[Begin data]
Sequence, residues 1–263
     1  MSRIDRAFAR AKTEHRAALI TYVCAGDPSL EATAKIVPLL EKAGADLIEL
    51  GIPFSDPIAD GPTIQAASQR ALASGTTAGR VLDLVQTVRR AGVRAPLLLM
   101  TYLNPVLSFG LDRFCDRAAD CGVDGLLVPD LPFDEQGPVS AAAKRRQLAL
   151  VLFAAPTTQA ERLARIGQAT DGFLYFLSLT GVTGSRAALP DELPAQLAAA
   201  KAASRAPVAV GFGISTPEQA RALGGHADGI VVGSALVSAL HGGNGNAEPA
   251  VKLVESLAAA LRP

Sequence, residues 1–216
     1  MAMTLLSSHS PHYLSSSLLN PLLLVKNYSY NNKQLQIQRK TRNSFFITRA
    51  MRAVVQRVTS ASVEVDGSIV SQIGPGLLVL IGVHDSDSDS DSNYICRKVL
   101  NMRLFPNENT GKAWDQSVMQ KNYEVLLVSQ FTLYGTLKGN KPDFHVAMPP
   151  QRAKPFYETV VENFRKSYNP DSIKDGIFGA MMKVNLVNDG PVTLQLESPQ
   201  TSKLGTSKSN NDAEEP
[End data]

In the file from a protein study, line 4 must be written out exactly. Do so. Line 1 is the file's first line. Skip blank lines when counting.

   101  TYLNPVLSFG LDRFCDRAAD CGVDGLLVPD LPFDEQGPVS AAAKRRQLAL